Retro music dominates scores in top contenders


May 31, 1992|By J. Wynn Rousuck | J. Wynn Rousuck,Theater Critic

New York -- As anyone listening to the musical numbers in tonight's Tony Awards telecast (9 p.m., Channel 11) will probably realize, this season two intrinsic American forms linked up to become a major force on Broadway.

The forms are jazz and musical comedy, and they came together in three of the year's top musical nominees:

* "Jelly's Last Jam," based on the life and music of Jelly Roll Morton, the man who bragged he "invented jazz";

* "Five Guys Named Moe," a salute to one of Morton's successors, band leader Louis Jordan; and

* "Crazy for You," a reworking of George and Ira Gershwin's 1930 musical, "Girl Crazy."

This also means there's a decided retro trend to this year's musicals -- a trend whose strength is perhaps best reflected in the runaway hit status of the glitzy revival of "Guys and Dolls," which looks like a shoo-in for best revival.

This doesn't mean, however, that there was nothing new in the musical theater firmament. The fourth contender for best musical, William Finn and James Lapine's "Falsettos," is the first Broadway musical to tackle the subject of AIDS.

Nor is it the only nominee displaying atypical subject matter. "Jelly's Last Jam" may have a retro score, but it breaks ground by refusing to sugarcoat its protagonist. To the contrary, the harsh pen of playwright George C. Wolfe depicts Jelly as arguably the most unsympathetic black character ever honored with his own Broadway musical.

If any future direction can be ascertained from all of this -- a risky practice, at best -- it would appear to be twofold. First, after a spate of European productions, the use of inherently American music suggests that musical theater is being reclaimed on its native shores. And, second, there appears to be a minor trend of musicals moving in new textual directions.

Though it doesn't forge new territory, "Crazy for You" is a good old-fashioned American standard, and in an attempt to keep it that way, playwright Ken Ludwig deliberately mimicked the style of the period. But at the same time, he set out to improve on that style. And he succeeded.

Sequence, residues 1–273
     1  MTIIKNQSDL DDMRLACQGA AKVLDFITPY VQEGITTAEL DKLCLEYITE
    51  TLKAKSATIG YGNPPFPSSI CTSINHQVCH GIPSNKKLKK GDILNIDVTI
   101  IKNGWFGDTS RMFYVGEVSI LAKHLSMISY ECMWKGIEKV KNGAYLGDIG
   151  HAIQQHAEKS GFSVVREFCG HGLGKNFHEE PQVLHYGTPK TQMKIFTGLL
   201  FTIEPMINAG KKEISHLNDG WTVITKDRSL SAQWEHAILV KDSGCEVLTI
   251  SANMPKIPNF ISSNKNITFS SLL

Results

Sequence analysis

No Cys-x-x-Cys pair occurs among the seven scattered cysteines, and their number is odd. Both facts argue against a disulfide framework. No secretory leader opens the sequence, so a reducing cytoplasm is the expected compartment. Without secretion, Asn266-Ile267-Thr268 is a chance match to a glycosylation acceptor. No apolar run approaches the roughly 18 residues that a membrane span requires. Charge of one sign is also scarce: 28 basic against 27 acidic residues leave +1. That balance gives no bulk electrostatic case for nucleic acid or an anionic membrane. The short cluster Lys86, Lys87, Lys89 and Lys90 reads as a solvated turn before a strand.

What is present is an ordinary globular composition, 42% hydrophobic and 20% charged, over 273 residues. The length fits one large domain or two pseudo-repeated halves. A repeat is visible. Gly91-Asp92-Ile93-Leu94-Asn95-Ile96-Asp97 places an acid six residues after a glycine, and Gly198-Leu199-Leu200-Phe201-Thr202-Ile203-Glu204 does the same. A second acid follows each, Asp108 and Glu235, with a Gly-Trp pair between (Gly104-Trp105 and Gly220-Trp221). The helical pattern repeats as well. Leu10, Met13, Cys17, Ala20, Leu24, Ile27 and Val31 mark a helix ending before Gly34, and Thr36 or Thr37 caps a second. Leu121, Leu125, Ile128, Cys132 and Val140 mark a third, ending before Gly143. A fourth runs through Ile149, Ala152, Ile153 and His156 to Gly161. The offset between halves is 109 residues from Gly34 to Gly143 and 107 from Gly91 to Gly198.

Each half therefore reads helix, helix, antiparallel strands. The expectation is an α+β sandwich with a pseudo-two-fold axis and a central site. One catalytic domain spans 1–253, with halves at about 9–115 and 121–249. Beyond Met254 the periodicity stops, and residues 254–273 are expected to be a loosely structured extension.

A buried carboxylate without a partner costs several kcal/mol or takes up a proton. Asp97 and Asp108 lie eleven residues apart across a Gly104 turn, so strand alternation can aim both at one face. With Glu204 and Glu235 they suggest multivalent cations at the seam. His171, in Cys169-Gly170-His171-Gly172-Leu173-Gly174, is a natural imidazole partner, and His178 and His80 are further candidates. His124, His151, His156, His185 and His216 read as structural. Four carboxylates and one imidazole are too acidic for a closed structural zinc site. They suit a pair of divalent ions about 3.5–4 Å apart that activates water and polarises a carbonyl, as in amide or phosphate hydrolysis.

Jazz and romance, to start

In the early days of American musicals, the plot served primarily as an excuse to string together the songs, and the songs, in turn, served primarily as vehicles for stars. (In the case of "Girl Crazy," those stars included such diverse talents as Ethel Merman, comic Willie Howard, and Ginger Rogers.)

But nowadays audiences crave a little more story and character development, and that's what Ludwig provides. His crackerjack farce starts off with the original show's idea of a wealthy young man shipped West by his family. After that, Ludwig jacks up the theatrical element and tosses in a mistaken-identity subplot -- all the while, of course, maintaining the essential romantic angle.

The jazz component is evident not only in a Gershwin number such as "I Got Rhythm," but also in the rousing Broadway debut of the Manhattan Rhythm Kings, whose on-stage repertory includes several non-"Girl Crazy" Gershwin tunes interpolated into the show, the jazziest being "Slap That Bass." All this is choreographed by Susan Stroman, whose sense of comedy and innovation will make her contribution tough competition for the season's most dance-heavy musical, "Jelly's Last Jam."

Jointly choreographed by Hope Clarke, Ted L. Levy and the show's star, Gregory Hines, "Jelly's Last Jam" takes the liberty of transforming jazz pioneer Morton into a tap dancer. However,the most startling aspect of the script is that it dares to depict its protagonist in a realistic but unfavorable light.

This willingness to topple icons is hardly surprising, considering that "Jelly's" book and direction are by the author of "The Colored Museum," a sendup of black stereotypes, which local audiences may remember from its production at Center Stage four seasons ago.

The plot is based on the notion that it is the eve of Morton's death, and he has been summoned to defend his soul in "a lowdown club somewhere's 'tween Heaven 'n' Hell," as the setting is described in the program. And, Morton's got plenty of explaining to do. Hines' dancing may be heaven, but he portrays Morton as a bragging devil who mistreated anyone who tried to get close to him and was a racist who spurned his black roots.

Breaking from the pack

"Jelly's Last Jam" breaks with the tradition of good-time revues celebrating black musicians, such as "Sophisticated Ladies" (Duke Ellington), "Ain't Misbehavin' " (Fats Waller) and "Eubie!" (Eubie Blake). However, "Five Guys Named Moe" exalts in it. A celebration of the originator of "jump blues," as Louis Jordan dubbed his style, "Five Guys" has a plot line even thinner than those in the days of "Girl Crazy."

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